These are just a few of the many CDs released in 2016 that thoroughly deserved a review but didn’t get one on this site. Well, not until now, and in brief…
Nils Petter Molvaer – Buoyancy (Okeh Records): The trumpeter continues to explore the rich timbral mix that results from blending chilly electronic washes with pedal steel guitar and a rich array of percussion – blossombells as well as knives and forks are mentioned. Luckily, thinks don’t get too icy due to the rich sonorities of the bass which completes his quartet. He uses his trumpet sparingly but always to good effect, somehow suggesting a good deal of flesh and bone within the electronic, sometimes prog-rock storm.
Errol Garner – Ready Take One (Sony Legacy): Those familiar with Garner’s strongly-grooved interpretations of the standards on albums like the classic Concert By The Sea are in for a surprise with these newly-discovered master session reels from 1967 to 1971. Six new Garner compositions, including the funky Latin of High Wire, which prefigures Ramsey Lewis, are filled out by interpretations of familiar tunes like Sunny, Night And Day and Satin Doll, and the whole thing concludes with a majestic reading of the Garner showpiece, Misty. The studio noises and instructions from producer Martha Glaser add to the irresistible frisson of creativity which surrounds these rich recordings.
Jorge Rossy – Stay There (Pirouet): We mostly remember Rossy as the drummer with the first Brad Mehldau Trio, but here he plays vibes and marimba, with Mark Turner on tenor saxophone, Peter Bernstein on guitar, Doug Weiss on bass and Al Foster on drums. Any group that has Turner is worth a twirl, and this is a really pleasing mix of strong musical personalities. Mostly Rossy is the writer and his tunes provide plenty rich pickings for these musicians. A particular highlight is Artersano by the Argentine pianist Guillermo Klein, now a mainstay of the New York scene, with Rossy on marimba and Foster stressing the Latin swagger of the rhythm.
Ben Bryden – Glasgow Dreamer (benbryden.com): The dreamer in question is the late, singular Ivor Cutler, who is due a good many celebratory albums. Saxophonist Bryden, born in Scotland and now working out of New York, has just the right blend of unabashed romanticism and deadpan mischief in his tone and phrasing to bring out the character of Cutler and expand it in an jazz setting. He has Reinier Baas on guitar, Tom Berkmann on bass and Mark Schilders on drums to help him. And of course no album of Cutler’s music would be complete without a harmonium – there are two on 74 To Dumfries, one of three pieces by Bryden.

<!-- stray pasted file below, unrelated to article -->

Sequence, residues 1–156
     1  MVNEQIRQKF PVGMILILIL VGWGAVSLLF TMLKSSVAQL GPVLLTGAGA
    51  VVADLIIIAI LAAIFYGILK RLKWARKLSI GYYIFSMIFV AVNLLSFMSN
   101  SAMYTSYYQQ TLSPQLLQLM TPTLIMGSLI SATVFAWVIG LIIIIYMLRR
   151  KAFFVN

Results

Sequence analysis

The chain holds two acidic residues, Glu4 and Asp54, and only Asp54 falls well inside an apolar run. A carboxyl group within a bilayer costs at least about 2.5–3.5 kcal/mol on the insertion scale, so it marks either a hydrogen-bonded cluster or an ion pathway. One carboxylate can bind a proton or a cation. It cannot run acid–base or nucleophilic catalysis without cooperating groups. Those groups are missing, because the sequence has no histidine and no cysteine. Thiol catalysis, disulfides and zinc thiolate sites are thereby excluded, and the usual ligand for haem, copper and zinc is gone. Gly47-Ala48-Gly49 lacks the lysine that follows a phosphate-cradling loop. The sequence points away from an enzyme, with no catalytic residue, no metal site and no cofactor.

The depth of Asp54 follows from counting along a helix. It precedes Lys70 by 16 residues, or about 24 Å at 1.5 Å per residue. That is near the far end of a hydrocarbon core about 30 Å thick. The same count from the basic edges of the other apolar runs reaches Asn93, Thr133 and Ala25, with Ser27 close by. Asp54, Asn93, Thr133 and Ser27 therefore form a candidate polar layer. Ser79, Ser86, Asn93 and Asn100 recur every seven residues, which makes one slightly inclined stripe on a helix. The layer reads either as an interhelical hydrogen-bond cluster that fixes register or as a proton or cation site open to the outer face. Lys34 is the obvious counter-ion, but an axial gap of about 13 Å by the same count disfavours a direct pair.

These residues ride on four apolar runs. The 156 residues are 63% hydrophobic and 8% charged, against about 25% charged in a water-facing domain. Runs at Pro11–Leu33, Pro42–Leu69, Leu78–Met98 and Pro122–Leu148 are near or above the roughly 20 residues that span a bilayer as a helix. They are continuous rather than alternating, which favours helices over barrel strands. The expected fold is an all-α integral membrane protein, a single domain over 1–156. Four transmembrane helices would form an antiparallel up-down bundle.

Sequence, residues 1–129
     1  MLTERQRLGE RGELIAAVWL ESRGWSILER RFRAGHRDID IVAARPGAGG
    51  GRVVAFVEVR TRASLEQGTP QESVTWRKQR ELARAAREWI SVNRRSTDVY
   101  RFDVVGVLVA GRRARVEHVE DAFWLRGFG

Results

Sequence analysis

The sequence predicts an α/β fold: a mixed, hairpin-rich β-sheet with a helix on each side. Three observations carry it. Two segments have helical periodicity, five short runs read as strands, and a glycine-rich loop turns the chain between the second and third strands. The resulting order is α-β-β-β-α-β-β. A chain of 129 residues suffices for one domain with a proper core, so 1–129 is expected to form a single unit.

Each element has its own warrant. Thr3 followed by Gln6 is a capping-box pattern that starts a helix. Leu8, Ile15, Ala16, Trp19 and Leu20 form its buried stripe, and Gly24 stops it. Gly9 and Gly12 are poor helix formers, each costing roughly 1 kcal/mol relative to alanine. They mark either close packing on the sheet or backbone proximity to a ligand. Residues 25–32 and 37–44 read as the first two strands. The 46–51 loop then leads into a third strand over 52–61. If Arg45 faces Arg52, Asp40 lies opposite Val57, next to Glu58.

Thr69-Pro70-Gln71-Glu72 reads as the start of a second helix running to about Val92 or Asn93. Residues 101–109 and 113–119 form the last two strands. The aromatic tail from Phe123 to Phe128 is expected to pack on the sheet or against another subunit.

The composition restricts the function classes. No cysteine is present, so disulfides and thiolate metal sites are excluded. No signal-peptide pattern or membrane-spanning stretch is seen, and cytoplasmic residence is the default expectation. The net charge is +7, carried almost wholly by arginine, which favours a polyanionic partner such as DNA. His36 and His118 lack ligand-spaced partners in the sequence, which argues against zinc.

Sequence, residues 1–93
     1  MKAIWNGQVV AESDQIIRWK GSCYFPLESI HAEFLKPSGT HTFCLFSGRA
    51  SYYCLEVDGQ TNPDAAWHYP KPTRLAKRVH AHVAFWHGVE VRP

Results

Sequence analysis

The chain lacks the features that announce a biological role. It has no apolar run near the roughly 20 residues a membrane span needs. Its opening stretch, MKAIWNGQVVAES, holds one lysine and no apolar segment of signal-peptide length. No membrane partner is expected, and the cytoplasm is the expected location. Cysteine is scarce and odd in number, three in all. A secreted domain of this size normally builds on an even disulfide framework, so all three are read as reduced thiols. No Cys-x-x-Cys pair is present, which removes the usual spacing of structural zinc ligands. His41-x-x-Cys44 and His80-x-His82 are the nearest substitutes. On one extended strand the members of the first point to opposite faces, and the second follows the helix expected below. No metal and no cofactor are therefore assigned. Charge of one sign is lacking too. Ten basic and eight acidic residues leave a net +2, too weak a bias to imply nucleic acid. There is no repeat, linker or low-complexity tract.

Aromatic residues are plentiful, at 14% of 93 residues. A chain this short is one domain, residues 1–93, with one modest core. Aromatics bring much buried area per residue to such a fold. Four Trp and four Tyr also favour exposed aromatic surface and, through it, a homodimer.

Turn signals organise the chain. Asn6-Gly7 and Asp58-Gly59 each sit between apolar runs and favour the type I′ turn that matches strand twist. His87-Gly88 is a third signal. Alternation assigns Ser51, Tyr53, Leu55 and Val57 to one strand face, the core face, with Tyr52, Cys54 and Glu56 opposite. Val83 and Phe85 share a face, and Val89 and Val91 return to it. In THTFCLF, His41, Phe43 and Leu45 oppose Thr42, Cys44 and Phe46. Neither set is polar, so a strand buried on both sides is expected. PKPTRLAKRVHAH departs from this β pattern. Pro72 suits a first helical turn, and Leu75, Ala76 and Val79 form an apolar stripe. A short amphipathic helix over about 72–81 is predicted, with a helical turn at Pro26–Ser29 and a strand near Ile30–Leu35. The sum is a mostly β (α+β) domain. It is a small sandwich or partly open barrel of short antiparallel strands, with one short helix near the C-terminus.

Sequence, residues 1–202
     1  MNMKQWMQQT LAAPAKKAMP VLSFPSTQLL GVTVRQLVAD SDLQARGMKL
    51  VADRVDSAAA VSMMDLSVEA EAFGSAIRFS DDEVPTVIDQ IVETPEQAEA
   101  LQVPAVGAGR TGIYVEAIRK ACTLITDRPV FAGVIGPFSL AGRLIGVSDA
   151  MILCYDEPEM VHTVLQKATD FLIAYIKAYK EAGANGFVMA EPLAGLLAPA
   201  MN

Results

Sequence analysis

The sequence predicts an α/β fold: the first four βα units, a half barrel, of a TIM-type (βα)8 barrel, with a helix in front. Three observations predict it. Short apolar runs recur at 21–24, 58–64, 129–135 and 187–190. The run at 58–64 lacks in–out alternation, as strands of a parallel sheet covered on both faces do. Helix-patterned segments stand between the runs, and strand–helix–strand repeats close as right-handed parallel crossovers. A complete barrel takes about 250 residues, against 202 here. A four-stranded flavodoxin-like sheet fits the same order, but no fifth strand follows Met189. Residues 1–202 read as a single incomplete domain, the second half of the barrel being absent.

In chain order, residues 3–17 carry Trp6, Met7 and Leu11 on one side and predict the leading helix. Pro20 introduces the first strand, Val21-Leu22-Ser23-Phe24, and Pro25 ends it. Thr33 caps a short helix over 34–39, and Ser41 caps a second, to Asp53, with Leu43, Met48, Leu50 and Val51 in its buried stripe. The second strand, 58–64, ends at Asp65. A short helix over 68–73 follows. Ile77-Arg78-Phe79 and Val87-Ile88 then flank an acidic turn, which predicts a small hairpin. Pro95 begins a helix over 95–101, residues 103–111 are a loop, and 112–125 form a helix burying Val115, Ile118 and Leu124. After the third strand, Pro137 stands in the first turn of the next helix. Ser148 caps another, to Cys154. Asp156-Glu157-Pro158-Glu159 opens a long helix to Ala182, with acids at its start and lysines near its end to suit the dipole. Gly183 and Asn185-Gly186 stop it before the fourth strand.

Yussef Kamaal – Black Focus (Brownswood Recordings): There is a picture of a black Ford Focus on the back of this CD sleeve. Yeah, this band, mainly a collaboration between drummer Yussef Dayes and Rhodes/synths player Kamaal Williams, also known as Henry Wu, is keeping its feet on the ground and its credibility on the street. The rhythms are strong, the horn riffs – Shabaka Hutchings is on tenor, Yelfris Valdes on trumpet – catchy, and the keyboards are distinctly retro in a thoroughly of-the-moment kind of way. It’s easy to hear what Gilles Peterson heard in them. Hip, but not painfully so.
Wadada Leo Smith – America’s National Parks (Cuneiform Records): Yes, I fully own up to the absurdity of trying to sum up a two-disc set from the U.S. trumpeter which comprises the vast parks of his vast country. The man has never had small ideas. Here he goes for a tight ensemble of Anthony Davis on piano, Ashley Walters on cello, John Lindberg on bass and Pheroan akLaff on drums. For live shows he uses video artist Jesse Gilbert. It’s an exploration of nature as majestic landscape but also as “a shared legacy for the American people, a common ground for the country’s diverse citizenry”. It’s big stuff in every sense.
Christine Tobin – Pelt (Trail Belle Records): The Irish jazz singer who has recently moved from Kent to New York has always had a particular affinity with poetry in music. Following her settings of WB Yeats’s verse for her 2012 album Sailing To Byzantium and her skilled interpretations of Leonard Cohen comes Paul Muldoon’s poetry set to Christine’s music. The lyrics are more contemporary and so too are the arrangements, with Tobin’s long-time partner and musical collaborator Phil Robson able to unleash the rockier side of his electric guitar on a track or two, and Tobin doing a Tom Waits megaphone vocal on one. Gareth Lockrane’s flutes and string arrangements give added lushness, and pianist Liam Noble, bassist Dave Whitford and drummer Simon Lea complete the band, but it’s Tobin’s distinctive timbre and way with a lyric – you never miss a word or an emotional nuance with her – that are centre stage.
Frank Kimbrough – Solstice (Pirouet): The first few bars of this album are a reminder of how crucial this pianist is to the sound and character of the Maria Schneider Orchestra. Kimbrough has worked with Schneider not only on her jazz pieces but also her classical suites, and his touch, his phrasing, his tone, his use of space, all feel in perfect concert with hers, whether in the big band or on this, his own trio date with fellow Schneider bandmember Jay Anderson on bass and Jeff Hirshfield on drums. He opens with Carla Bley’s Seven, closes with Schneider’s Walking By Flashlight, and in between explores the music of Gershwin, Annette Peacock, Paul Motian, Maryanne de Prophets (the exquisite title track) and Andrew Hill, as well as one original. An album filled with wisdom, grace and beauty.
Categories: CD review